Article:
For a local user desktop, users are provided with icons to invoke terminal sessions in the various environments: here's an example showing a Fedora 12 KDE panel with terminal icons for Fedora 12, SL5, SL4, plus various ssh calls to remote machines, with further icons for the latest versions of Firefox, ICAClient, EVO, Skype, and Google Earth running under Fedora 12:

Fedora 12 panel

The following comments are for non-local sessions, and are a bit historical.

For a login session in SL4, after logging in type in: /bin4/bash. To drop back to the native environment, type exit.

To run just one particular script in SL4, you can do this without going into an SL4 login session. Let's say the first line of the script is #!/bin/sh. You can either enter:

         /bin4/sh myscript    any args
or put #!/bin4/sh as the first line of that script, and then run it simply by:
         myscript    any args
The following are available to our users at the time of writing: /bin4/sh, /bin4/bash, /bin4/ksh, /bin4/zsh, /bin4/csh, /bin4/tcsh.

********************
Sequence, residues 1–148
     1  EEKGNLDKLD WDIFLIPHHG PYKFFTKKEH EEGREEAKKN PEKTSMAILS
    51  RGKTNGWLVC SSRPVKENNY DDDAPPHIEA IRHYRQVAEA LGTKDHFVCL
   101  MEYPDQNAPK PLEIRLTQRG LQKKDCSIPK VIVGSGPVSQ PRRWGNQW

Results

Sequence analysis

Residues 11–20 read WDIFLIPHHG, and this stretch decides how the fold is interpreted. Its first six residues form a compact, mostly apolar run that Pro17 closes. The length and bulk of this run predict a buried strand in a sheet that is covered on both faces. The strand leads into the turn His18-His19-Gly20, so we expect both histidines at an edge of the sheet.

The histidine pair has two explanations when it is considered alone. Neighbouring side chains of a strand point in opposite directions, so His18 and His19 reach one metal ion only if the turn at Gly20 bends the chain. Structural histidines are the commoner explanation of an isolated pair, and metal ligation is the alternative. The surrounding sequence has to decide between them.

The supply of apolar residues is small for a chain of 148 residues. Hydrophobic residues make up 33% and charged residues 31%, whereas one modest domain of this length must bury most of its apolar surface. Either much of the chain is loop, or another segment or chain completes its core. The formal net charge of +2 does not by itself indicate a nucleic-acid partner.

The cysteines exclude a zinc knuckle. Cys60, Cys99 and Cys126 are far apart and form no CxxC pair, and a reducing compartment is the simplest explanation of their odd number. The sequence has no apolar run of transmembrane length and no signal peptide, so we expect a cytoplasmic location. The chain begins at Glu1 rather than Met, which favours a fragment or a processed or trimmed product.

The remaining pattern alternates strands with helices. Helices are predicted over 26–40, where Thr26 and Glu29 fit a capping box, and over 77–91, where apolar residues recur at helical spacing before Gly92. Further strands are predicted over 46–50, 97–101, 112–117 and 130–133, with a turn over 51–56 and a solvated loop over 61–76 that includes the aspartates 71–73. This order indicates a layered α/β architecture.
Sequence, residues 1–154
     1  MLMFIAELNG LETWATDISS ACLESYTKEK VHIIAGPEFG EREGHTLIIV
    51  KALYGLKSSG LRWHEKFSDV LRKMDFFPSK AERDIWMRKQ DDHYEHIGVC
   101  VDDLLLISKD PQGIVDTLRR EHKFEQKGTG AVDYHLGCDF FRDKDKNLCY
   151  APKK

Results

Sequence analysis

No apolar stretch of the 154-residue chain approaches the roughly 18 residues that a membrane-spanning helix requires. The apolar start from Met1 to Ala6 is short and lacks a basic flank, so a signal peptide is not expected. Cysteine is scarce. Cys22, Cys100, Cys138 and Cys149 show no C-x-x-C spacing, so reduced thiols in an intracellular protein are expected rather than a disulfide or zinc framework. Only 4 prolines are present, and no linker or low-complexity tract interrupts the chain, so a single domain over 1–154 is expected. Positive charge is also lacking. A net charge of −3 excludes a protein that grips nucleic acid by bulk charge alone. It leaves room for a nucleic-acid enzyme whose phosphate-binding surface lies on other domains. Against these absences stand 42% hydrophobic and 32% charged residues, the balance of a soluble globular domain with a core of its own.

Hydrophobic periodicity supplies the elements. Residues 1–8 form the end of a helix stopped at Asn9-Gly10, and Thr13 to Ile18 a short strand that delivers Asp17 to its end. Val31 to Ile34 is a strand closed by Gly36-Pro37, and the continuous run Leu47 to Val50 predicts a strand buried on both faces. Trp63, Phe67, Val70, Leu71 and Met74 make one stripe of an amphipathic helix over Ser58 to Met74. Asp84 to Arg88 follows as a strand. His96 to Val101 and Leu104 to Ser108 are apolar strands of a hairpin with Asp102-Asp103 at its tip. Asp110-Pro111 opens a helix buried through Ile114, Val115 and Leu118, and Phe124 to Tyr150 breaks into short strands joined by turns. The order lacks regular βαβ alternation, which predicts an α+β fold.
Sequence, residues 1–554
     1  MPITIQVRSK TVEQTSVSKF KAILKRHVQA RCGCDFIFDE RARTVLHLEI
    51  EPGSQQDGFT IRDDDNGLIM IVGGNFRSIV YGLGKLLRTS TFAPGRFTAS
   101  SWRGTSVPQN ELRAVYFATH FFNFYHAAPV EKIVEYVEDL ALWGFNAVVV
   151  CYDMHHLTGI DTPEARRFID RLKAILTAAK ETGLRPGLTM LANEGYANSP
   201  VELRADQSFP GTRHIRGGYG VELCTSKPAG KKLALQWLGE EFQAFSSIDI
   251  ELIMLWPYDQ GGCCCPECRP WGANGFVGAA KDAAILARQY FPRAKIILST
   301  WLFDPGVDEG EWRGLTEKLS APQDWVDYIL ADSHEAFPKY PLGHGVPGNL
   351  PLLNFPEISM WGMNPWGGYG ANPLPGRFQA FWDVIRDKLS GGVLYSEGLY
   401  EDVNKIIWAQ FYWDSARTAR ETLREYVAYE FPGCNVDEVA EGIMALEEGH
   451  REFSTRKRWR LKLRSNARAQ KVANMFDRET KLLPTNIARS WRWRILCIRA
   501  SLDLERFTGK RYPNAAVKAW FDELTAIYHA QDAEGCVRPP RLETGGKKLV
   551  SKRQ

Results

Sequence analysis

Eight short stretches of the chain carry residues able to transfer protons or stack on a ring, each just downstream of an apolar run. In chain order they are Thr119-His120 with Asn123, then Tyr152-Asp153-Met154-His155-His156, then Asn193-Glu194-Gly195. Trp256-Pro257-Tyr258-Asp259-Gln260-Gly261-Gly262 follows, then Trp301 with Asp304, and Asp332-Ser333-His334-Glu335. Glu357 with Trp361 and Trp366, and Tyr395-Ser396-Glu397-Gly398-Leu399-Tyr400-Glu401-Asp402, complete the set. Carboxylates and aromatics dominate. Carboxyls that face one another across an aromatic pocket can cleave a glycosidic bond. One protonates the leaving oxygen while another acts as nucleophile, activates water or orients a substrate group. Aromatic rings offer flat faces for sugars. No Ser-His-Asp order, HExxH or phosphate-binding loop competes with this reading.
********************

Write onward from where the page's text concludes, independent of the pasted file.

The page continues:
If you choose to do this /bin4/ script modification, note that inside the SL4 environment, the /bin4/ binaries also exist, but are simply soft-links to the /bin/ binaries, so behave in a consistent way, and so there is no need to keep a second copy of the script which has the conventional invocation as its first line.

Scripts which are invoked by other scripts already in an SL4 environment are run in that same SL4 environmnent. That applies in an interactive session and in a job. So there is no need to invoke those in a special way or go to the trouble of modifying them.

Using SL4 in a submitted job

Our users are now provided with qsub4 and qsub5 commands, which make use of the -D option of qsub, so the following old notes are just included for interest.

Users can submit a job to run in SL4 from within a SL4 or SL5 session. The method is exactly the same: jobs do NOT inherit the operating system of the submitting system (that is, the system doing the qsub).